This is my great-grandmother, Catherine Beatrice Forrester (nee Mackinlay, formerly Adams). She was a bigamist, although she claimed to be a widow when she married the second time.
This is her first father-in-law, Walter Adams, Member of the Legislative Assembly of Queensland and onetime Mayor of Bundaberg. He was also a bigamist. He told the minister who married him the second time that he was a bachelor.
This is the marriage certificate for my husband’s great-great-grandparents, George Heath and Mary Miller. As you can see, he gave his age as 21 and she gave hers as 22 but in fact he was not quite 16 and she was 23.
What do these have to do with trust or with education?
In Australia we are in the process of gradually adopting a national curriculum and this year History was added. The two strands of the curriculum are “Historical Knowledge and Understanding”, and “Historical Skills” and one of these skills is “the analysis and use of sources”.
Helping children to locate and understand the use of sources has proved challenging. It’s a new concept for children and often teachers as well. The idea behind it all is that to make a statement about something that happened in the past, you need evidence to back it up and that evidence has to be credible.
A primary source is more valuable because it is a source closer to the original event or a more official source, for example a birth or marriage certificate, a photo, an object from the past such as a coin or a garment.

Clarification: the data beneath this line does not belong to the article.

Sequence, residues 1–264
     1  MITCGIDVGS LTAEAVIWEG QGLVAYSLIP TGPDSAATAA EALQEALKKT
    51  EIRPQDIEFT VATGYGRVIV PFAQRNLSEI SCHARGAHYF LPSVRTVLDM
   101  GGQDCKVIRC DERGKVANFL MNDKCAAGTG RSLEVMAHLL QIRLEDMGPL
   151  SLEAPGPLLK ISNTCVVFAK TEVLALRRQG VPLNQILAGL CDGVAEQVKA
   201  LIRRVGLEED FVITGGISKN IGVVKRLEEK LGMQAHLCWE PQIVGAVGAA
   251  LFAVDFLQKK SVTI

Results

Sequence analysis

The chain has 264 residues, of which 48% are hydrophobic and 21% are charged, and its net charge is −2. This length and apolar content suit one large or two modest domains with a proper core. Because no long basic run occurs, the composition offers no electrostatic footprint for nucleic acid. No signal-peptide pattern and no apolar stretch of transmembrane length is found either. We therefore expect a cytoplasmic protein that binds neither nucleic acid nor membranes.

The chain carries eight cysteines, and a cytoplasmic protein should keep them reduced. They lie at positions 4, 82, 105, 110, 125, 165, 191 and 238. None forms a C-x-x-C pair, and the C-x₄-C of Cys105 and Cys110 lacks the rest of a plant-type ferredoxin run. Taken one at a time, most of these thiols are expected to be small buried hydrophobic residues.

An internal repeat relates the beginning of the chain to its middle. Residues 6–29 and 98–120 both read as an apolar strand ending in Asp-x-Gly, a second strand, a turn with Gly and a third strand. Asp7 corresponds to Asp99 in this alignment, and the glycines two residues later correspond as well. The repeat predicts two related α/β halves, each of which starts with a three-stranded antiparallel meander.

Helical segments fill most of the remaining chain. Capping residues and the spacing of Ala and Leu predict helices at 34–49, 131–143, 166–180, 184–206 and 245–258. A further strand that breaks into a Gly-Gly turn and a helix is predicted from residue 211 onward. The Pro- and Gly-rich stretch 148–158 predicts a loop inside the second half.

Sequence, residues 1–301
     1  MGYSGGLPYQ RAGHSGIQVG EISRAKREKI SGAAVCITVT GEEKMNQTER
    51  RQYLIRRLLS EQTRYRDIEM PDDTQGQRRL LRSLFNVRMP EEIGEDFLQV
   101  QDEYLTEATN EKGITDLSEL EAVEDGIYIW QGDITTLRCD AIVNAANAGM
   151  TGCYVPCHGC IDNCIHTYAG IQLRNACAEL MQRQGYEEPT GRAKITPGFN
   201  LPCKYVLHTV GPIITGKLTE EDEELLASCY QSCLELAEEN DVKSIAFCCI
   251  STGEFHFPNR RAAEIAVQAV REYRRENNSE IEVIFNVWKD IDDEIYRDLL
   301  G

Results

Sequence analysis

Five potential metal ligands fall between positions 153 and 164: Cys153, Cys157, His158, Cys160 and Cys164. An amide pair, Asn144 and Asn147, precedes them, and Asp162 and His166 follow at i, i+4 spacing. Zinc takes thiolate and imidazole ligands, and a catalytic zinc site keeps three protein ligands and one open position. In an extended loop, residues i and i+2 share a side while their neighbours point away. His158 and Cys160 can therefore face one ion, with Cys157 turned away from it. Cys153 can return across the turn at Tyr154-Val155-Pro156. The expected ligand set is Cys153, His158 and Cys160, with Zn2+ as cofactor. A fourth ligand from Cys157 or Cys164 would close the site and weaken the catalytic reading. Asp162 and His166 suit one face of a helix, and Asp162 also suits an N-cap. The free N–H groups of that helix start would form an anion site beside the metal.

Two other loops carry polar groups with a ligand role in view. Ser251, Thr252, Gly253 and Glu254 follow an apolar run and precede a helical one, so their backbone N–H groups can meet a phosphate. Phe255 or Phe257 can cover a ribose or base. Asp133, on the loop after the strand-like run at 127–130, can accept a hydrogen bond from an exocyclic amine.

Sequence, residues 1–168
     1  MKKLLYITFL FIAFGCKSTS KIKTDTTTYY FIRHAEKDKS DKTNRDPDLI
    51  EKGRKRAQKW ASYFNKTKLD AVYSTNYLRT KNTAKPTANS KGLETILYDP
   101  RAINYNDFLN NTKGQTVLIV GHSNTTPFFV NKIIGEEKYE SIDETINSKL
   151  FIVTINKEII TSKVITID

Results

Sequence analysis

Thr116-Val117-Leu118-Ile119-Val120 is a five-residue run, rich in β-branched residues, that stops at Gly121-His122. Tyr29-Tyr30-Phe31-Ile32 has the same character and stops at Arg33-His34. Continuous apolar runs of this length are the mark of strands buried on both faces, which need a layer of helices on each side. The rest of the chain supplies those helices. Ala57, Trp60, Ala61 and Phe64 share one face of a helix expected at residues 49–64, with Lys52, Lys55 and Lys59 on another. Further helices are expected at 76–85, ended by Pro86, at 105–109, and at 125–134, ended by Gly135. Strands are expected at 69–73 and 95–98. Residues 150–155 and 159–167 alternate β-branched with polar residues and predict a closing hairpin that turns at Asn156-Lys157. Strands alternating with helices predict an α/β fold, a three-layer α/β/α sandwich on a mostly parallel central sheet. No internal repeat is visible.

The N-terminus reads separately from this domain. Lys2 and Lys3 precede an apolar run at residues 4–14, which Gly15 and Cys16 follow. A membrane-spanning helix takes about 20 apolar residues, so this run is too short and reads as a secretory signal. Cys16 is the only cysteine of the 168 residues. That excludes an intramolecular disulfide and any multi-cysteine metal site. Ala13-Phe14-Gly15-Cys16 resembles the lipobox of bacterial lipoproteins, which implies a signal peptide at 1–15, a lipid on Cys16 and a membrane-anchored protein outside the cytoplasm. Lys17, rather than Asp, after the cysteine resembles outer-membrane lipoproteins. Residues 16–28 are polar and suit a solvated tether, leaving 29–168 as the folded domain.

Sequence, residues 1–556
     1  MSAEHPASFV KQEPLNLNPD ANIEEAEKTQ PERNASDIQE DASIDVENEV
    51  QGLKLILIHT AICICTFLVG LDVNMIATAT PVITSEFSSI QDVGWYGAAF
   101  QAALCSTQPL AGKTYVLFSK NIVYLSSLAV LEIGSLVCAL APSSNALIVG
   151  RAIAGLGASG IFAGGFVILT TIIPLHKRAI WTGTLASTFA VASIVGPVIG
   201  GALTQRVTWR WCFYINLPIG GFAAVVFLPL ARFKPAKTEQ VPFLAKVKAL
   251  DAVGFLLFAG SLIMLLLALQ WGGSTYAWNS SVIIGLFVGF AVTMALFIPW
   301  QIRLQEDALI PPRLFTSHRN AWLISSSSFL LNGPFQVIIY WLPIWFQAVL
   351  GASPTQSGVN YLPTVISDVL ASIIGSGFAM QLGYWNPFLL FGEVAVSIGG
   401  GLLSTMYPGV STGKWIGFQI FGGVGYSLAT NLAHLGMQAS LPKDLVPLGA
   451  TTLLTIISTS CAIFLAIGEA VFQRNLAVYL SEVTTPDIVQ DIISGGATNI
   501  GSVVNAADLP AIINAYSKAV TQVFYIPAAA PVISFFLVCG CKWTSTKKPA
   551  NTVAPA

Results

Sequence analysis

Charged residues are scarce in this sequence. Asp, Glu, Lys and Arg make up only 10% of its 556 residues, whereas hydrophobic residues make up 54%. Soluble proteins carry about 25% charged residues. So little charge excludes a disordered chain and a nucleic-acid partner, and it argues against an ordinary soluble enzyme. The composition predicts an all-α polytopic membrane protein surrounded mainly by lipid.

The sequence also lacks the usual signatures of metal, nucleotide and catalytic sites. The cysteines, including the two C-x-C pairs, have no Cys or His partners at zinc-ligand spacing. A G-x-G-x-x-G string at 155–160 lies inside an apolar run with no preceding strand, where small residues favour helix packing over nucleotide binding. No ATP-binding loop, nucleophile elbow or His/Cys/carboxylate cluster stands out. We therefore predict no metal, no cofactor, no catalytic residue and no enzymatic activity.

A secondary source is further removed from the original event, for example a letter or newspaper article about a birth, death or marriage. There have been more opportunities by the time a secondary source is produced for the details to be changed or omitted because the information has passed through a number of “hands”. But sometimes a secondary source is the best or only source available.
Any teacher or parent these days could probably attest to having witnessed students struggle to make sense of the vast resources available to them on the internet. In my experience students sometimes feel overwhelmed by the number of search results returned when they are researching a topic. Others latch onto the first site they click on or the one they can understand. These may not be the most reliable or trustworthy sites.
When I went to school I could use books or encyclopaedias to find information. I could usually be sure that they were reliable in their reporting of events of the past because they had passed through peer review and editing in order to be published and while I might find a couple of relevant encyclopaedia entries and a few books on the topic, I wouldn’t get a list of 10 or more pages of possible sources.
While the saying used to be “you can’t believe everything you read in the newspaper”, now it’s “you can’t trust everything you read on the internet”. For many of us the internet is the first place we go for information and the wealth of information available to us enriches our lives and our learning.